When judges miss substantial questions
It could be unsettling for litigants to know that some judges dismiss appeals after finding no substantial questions of law, whereas others see half a dozen legal issues. Last week, the Supreme Court
dealt with an appeal by the Rajasthan government in a mining lease case that went back to 1998. The main issue in this case, State vs Shiv Dayal, was whether the mining land was within a forest area or in a normal revenue area. The miner had succeeded in two courts and had obtained an injunction against the government. The state appealed to the high court. It dismissed the appeal observing that since two courts below had ruled against the state, there were no “substantial questions of law (according to Section 100 of the Civil Procedure Code)” to be decided by the high court. The state appealed to the Supreme Court.
It found that there were at least five substantial questions of law involved in the appeal. It even drafted such questions for the benefit of the high court which was asked to decide them. In an income tax appeal involving Nokia India last April, the Supreme Court did the same thing by drafting questions of law, which were missed by the Delhi High Court.
Taxmen can’t act without notice
The Supreme Court last week emphasised that notice to an assessee under Section143(2) of the Income Tax Act is mandatory and even if he had participated in the proceedings, such notice could not be dispensed with by the department. In this case, CIT vs Laxman Das, there was a raid on a stockbroker and his income was reassessed, leading to the dispute. He pointed out that he was not given notice under Section 143(2). The department invoked Section 292BB, which says that if the assessee had participated in the proceedings, no notice was required. The Madhya Pradesh High Court dismissed that stand, leading to the appeal. Dismissing the appeal, the Supreme Court explained that Section 292BB was meant to cure certain defects in the notice and did not dispense with notice altogether.
Definition of employee differs in laws
The Supreme Court last week pointed out that the definitions of an ‘employee’ in the Industrial Disputes Act and the Provident Fund Act are different, and had different purposes. In this case, PF Commissioner vs UP State Warehousing Corporation, the Allahabad High Court had ruled that the workers engaged in loading and unloading at godowns were not ‘employees’ as defined in the Industrial Disputes Act and, therefore, the corporation was not liable to pay the statutory contribution in relation to such workers under the PF Act. Their claim for PF contribution was denied. The corporation’s argument was that loading and unloading of the commodities were done through a contractor. There was no employer-employee relationship. Though this was rejected by the appellate authority, the high court reversed the ruling resulting in the appeal by the authorities. The Supreme Court asked the high court to reconsider the case in the correct legal perspective and applying the PF law.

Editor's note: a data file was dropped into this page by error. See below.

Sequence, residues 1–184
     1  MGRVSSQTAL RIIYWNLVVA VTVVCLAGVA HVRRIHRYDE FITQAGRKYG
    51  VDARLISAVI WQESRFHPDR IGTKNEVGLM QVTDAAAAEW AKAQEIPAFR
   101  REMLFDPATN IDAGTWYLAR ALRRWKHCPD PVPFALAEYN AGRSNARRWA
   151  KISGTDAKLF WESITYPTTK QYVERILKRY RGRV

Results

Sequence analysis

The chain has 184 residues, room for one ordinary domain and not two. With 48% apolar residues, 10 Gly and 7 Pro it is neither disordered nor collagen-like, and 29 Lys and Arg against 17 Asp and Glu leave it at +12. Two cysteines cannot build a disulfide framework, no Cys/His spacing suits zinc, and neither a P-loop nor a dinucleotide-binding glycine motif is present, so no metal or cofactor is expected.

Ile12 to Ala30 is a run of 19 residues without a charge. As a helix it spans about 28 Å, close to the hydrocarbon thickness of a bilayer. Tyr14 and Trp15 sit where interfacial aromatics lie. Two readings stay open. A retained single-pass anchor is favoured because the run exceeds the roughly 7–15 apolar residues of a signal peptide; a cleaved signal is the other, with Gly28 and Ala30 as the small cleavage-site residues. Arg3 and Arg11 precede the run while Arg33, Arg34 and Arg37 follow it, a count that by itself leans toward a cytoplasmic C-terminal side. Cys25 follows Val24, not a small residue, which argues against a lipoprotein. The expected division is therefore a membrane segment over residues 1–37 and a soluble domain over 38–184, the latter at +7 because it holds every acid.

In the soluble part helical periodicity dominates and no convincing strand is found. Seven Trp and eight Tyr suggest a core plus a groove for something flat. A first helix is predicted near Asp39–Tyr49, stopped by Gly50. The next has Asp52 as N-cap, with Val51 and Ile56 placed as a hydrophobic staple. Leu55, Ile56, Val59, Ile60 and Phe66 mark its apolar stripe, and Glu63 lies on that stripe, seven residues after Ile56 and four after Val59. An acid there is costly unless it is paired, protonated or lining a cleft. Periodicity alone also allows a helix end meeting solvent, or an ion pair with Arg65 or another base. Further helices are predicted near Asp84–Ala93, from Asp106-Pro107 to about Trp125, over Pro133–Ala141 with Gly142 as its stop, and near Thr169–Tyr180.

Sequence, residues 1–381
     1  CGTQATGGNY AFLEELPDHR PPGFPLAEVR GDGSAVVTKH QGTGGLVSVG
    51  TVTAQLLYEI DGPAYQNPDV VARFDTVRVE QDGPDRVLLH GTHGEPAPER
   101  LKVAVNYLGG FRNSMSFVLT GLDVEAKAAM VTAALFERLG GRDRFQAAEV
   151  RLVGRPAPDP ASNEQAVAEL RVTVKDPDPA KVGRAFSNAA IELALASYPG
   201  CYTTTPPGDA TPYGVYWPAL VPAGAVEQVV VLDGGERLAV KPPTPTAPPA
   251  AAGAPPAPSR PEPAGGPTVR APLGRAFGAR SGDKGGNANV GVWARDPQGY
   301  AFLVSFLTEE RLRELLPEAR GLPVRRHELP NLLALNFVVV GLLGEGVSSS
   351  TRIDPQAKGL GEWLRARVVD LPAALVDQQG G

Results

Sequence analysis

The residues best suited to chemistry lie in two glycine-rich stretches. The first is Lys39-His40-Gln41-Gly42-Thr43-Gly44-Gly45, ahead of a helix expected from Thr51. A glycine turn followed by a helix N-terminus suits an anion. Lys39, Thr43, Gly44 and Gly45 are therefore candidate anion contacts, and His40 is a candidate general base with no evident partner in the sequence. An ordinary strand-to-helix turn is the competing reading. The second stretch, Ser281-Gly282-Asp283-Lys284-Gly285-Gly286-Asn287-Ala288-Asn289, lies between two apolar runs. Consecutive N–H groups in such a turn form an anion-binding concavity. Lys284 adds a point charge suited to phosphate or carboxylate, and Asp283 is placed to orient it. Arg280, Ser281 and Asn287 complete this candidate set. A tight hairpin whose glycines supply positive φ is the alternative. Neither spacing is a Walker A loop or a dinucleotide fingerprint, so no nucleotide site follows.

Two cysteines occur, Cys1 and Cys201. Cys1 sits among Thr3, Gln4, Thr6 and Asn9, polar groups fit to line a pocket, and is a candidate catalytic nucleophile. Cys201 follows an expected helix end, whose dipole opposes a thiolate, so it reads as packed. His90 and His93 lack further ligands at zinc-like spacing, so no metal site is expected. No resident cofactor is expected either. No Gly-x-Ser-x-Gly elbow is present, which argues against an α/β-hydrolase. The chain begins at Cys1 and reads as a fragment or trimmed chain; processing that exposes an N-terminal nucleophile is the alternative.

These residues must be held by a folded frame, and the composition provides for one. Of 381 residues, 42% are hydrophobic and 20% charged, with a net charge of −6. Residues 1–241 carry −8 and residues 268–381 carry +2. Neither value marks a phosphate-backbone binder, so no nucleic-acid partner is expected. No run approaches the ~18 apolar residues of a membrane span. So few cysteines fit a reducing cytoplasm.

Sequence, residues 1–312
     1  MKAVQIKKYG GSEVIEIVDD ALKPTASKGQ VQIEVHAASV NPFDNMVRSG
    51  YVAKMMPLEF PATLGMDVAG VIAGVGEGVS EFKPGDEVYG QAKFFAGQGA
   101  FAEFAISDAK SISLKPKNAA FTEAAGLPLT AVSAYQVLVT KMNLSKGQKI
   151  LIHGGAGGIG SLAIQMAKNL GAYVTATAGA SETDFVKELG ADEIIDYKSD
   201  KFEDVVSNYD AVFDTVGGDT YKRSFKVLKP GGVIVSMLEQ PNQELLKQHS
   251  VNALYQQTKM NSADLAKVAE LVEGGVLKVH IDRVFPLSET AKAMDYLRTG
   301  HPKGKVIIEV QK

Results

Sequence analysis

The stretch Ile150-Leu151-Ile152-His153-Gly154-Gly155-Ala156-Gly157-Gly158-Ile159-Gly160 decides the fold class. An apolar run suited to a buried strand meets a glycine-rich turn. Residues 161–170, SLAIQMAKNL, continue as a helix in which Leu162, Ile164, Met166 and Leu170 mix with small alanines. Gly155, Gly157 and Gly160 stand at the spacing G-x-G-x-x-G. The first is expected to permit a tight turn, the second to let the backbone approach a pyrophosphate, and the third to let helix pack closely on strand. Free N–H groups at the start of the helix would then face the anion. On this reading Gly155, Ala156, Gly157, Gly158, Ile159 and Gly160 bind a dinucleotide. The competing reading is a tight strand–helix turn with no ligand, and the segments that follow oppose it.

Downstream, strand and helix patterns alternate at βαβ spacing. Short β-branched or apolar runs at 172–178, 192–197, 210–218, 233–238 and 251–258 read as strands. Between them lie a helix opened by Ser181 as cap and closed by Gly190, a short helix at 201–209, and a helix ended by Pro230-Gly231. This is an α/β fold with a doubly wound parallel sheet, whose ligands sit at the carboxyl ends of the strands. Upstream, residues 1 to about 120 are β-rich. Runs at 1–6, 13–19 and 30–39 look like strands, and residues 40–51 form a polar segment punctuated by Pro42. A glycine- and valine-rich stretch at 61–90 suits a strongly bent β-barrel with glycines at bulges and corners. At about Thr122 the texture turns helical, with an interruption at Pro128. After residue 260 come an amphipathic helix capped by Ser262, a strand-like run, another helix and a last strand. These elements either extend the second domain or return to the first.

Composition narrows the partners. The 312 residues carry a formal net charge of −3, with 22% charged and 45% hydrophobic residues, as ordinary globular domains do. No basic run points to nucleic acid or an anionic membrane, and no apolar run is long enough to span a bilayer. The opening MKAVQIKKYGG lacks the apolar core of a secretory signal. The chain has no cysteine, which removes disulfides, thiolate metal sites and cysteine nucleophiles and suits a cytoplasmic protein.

‘Pay & recover’ doctrine against insurer
Two teenagers who had suffered 55 to 70 per cent disability following a road accident and lost their arms were awarded Rs 6.41 lakh and Rs 7.36 lakh each by the Punjab & Haryana High Court. They appealed to the Supreme Court for higher compensation, which was rejected. The accidents were caused when the two were travelling in goods vehicles against the insurance policy. The insurance company argued it was not liable to pay the amount as there was a violation of the policy. The Supreme Court exercised its special powers under Article 142 of the Constitution “to do complete justice” and asked the insurer to pay the amount first and then recover them from the owner or driver of the offending vehicles (Anu Bhanvara vs IFFCO Tokio General Insurance Co).
Discerning buyers look for house name
Unlike buyers of biscuits or fruit juices off the shelf, consumers of premium lifestyle products, such as perfumes, do not choose them causally. They are influenced by the blends, diffusion, distillation, fragrance and concentration of perfume. A discerning consumer knows there could be various perfumes in the market with names Legend, Flirt, and Gentlemen, but such consumer will first go by the name of the house. The Bombay High Court stated so while dismissing an injunction application by Mesco Ltd against Liberty Shoes. Both sold perfumes named Legend and Flirt. Mesco alleged a trademark violation, claiming they were its brands. Liberty submitted it was selling them online showing the house name and Mesco had no sale in India. Liberty also convinced the court that Legend and Flirt are very common generic names in this industry all over the world and there could be no monopoly on them. Examples are: Victoria's Secret’s "Love to Flirt" and "Pierre Cardin Legend".